(CBS News) A new combination vaccine that protects infants from two deadly infections that can cause meningitis, meningococcal disease and Hib disease, was approved Thursday by the U.S. Food and Drug Administration.
The vaccine, called Menhibrix, has been approved for children ages 6 weeks through 18 months old. It's given as a four-dose series at 2, 4, 6 and 12 through 15 months of age, and the first dose may be given as early as 6 weeks of age. It is manufactured by GlaxoSmithKline.
Meningococcal disease is caused by the bacteria Neisseria meningitides, and is most commonly diagnosed among infants, adolescents and young adults. A common outcome of the infection is meningitis, a life-threatening infection of the covering that surrounds the brain and spinal cord. About 1,000 causes of meningococcal disease occur each year.
The bacteria spreads through respiratory and throat secretions like spit, but aren't as contagious as the common cold or flu. Infants with meningococcal meningitis may appear to be slow or inactive, irritable, vomiting or feeding poorly, according to the Centers for Disease Control and Prevention.
Hib disease is caused by the Haemophilus influenzae type b bacteria and spreads through mucus or secretions from the nose or throat, typically from coughing and sneezing. It can affect different parts of the body: the most common type of Hib disease is meningitis, but it can also cause life-threatening infections that make it difficult to breathe, including epiglottitis (infection in the throat) and pneumonia (infection in the lungs). Other forms of Hib disease include blood, bone, or joint infections. About 12,000 children get the disease each year.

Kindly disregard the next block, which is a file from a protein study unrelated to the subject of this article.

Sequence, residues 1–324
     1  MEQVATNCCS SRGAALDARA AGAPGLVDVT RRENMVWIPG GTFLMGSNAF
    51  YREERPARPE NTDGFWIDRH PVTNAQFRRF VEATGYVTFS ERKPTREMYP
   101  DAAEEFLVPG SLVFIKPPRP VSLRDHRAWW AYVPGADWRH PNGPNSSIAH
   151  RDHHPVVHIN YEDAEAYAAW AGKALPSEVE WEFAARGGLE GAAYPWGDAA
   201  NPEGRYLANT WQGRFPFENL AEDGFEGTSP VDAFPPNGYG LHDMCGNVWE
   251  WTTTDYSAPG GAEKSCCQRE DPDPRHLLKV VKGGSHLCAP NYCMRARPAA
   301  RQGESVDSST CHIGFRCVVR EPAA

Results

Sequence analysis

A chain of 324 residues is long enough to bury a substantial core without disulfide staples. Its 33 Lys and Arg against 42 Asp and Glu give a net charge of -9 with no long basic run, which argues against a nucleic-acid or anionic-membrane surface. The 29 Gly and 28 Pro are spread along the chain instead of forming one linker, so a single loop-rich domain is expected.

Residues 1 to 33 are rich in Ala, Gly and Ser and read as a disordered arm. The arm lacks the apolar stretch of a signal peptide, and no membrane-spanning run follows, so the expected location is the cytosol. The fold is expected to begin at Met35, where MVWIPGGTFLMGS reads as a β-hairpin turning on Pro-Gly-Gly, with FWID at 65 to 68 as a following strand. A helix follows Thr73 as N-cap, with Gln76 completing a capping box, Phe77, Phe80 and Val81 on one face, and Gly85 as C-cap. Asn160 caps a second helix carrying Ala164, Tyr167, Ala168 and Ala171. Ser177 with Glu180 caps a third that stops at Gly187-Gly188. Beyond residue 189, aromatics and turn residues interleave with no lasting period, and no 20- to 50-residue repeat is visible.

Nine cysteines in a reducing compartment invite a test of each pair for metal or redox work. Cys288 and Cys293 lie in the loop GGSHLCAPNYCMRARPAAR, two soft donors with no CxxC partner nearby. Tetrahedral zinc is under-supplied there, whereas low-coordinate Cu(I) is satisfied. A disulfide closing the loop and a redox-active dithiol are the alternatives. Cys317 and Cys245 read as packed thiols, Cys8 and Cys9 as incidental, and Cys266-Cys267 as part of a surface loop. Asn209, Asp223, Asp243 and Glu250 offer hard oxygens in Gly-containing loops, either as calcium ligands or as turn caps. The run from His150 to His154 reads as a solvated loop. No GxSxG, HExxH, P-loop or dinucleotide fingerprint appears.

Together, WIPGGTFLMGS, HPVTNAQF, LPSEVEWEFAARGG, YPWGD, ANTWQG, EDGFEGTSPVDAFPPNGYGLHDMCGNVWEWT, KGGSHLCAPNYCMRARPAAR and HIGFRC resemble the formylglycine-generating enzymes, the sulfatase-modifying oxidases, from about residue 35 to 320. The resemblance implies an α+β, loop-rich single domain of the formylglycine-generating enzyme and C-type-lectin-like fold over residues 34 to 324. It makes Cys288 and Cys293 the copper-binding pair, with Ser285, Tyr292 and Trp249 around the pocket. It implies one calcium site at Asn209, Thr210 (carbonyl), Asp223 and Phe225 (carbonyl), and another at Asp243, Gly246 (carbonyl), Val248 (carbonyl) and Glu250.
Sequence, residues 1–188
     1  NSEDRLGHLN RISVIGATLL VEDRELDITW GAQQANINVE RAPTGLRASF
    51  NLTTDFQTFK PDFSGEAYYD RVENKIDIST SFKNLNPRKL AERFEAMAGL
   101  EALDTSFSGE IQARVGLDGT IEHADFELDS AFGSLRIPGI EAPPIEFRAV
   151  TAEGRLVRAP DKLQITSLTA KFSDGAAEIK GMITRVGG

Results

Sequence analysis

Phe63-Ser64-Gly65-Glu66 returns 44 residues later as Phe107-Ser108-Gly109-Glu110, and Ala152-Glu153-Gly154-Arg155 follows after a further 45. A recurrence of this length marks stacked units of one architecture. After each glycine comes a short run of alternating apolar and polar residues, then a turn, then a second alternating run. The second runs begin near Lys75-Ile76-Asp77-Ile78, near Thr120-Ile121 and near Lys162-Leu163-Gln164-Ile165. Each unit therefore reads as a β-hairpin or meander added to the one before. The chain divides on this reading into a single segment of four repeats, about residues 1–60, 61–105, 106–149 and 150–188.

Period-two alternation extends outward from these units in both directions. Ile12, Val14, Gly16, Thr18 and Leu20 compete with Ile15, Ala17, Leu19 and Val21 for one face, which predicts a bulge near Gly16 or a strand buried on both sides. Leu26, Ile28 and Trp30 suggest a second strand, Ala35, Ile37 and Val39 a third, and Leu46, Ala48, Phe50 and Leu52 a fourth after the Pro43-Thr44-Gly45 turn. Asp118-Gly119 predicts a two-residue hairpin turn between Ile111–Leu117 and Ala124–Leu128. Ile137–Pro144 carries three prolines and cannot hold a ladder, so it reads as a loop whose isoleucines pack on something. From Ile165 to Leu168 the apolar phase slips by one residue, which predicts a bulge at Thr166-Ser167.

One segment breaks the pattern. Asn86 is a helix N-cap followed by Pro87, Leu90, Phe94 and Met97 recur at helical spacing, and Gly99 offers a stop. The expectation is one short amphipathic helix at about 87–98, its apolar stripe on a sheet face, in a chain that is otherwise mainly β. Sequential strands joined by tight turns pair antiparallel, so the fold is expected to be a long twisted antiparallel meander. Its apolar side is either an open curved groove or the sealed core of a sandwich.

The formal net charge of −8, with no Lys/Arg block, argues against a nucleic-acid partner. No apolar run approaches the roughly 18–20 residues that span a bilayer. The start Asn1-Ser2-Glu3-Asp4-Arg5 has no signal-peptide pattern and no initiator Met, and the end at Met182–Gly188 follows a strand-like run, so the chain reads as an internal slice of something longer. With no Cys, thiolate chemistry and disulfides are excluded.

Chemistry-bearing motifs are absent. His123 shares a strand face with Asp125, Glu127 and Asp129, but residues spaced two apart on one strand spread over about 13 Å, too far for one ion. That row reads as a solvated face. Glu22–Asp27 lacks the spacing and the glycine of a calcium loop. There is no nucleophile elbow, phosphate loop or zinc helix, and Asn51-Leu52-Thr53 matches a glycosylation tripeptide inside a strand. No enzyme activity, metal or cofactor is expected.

According to the FDA, both Neisseria meningitides and Hib bacteria can infect an infant's bloodstream causing potentially lethal sepsis.
Without vaccination, children younger than two years are susceptible to these serious illnesses, the FDA said. Meningococcal and Hib diseases are particularly dangerous because both diseases often progress rapidly and can cause death or serious, long-lasting health consequences such as blindness, intellectual disability or amputations. Early symptoms for both diseases often are difficult to distinguish from other common childhood illnesses.
"With today's approval of Menhibrix, there is now a combination vaccine that can be used to prevent potentially life-threatening Hib disease and two types of meningococcal disease in children," Dr. Karen Midthun, director of the FDA's Center for Biologics Evaluation and Research, said in a news release.
The vaccine's effectiveness was studied by the FDA in "several hundred U.S. infants and toddlers" and found it to be as effective as other FDA-approved Hib vaccines. Menhibrix's safety was tested among 7,500 infants and toddlers in the U.S., Mexico and Australia, with common side effects of pain, redness and swelling at the injection site, irritability and fever.